The Epistemology of Non-Visual Perception
Dimitria Electra Gatzia, Berit Brogaard
Oxford University Press, Jan 3, 2020 - Philosophy - 288 pages
Most of the research on the epistemology of perception has focused on visual perception. This is hardly surprising given that most of our knowledge about the world is largely attributable to our visual experiences. The present volume is the first to instead focus on the epistemology of non-visual perception - hearing, touch, taste, and cross-sensory experiences. Drawing on recent empirical studies of emotion, perception, and decision-making, it breaks new ground on discussions of whether or not perceptual experience can yield justified beliefs and how to characterize those beliefs. The Epistemology of Non-Visual Perception explores questions not only related to traditional sensory perception, but also to proprioceptive, interoceptive, multisensory, and event perception, expanding traditional notions of the influence that conscious non-visual experience has on human behavior and rationality. Contributors investigate the role that emotions play in decision-making and agential perception and what this means for justifications of belief and knowledge. They analyze the notion that some sensory experiences, like touch, have epistemic privilege over others, as well as perception's relationship to introspection, and the relationship between action perception and belief. Other essays engage with topics in aesthetics and the philosophy of art, exploring the role that artworks can play in providing us with perceptional knowledge of emotions. The essays collected here, written by top researchers in their respective fields, offer perspectives from a wide range of philosophical disciplines and will appeal to scholars interested in philosophy of mind, epistemology, philosophical psychology, among others.
What people are saying - Write a review
We haven't found any reviews in the usual places.
An Epistemology of Multisensory Perception
2 Sensory Interactions and the Epistemology of Haptic Touch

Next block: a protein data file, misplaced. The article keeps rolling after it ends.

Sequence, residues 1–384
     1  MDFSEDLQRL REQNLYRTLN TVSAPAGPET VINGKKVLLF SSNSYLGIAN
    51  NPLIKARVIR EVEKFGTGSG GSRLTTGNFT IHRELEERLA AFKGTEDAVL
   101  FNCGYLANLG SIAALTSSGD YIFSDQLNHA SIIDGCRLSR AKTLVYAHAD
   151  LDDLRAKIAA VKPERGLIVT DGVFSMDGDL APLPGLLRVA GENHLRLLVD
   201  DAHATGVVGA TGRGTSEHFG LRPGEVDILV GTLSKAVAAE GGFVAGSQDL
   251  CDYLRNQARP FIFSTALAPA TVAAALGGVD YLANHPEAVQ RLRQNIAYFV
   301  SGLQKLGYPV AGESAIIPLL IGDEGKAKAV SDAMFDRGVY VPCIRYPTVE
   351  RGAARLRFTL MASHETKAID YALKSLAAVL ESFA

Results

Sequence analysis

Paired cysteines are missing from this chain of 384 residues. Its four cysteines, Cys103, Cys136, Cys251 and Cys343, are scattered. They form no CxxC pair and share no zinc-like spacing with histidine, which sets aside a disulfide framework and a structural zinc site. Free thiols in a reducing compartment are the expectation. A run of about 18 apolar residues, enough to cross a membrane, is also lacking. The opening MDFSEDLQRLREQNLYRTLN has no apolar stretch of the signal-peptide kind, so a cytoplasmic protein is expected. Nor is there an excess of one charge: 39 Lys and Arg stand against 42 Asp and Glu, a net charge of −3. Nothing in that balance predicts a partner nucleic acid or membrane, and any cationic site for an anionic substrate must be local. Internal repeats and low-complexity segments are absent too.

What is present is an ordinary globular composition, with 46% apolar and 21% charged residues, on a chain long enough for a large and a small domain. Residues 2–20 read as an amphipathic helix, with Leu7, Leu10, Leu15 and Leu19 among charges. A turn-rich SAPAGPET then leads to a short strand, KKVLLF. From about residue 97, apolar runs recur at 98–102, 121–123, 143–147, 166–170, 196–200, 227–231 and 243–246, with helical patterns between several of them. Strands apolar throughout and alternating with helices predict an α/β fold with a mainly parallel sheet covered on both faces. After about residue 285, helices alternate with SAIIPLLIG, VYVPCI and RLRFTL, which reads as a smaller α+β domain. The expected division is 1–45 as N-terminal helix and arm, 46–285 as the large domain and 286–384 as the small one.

3 Multimodal Mental Imagery and Perceptual Justification
4 How Reliably Misrepresenting Olfactory Experiences Justify True Beliefs
5 Hearing As
6 Is Tactual Knowledge of Space Grounded in Tactual Sensation?
Other editions - View all
affect appear argues aspect attention auditory awareness beliefs bodily body brain Cambridge cause changes character cognitive penetration concepts Consciousness consider contrast discussion distinct duration effort emotions environment epistemic epistemology event evidence example experienced explain expression external fact feeling figure flavor give hand hear human important indicating influence input instance integration interactions interoception interval involves justified kind knowledge least look matter means mental imagery Mind multisensory nature objects occur olfactory experiences one’s Oxford University Press particular perceive perception perceptual experience perceptual processing person phenomenal Philosophical play possible present problem processing properties Psychology qualities question reason reference relation reliably represent representation resistance response result role Sciences seems sensations sense sense modality sensory smell sound stimulation suggest Suppose sweet tactual sensations taste theory things tion top-down touch traits understanding virtue vision visual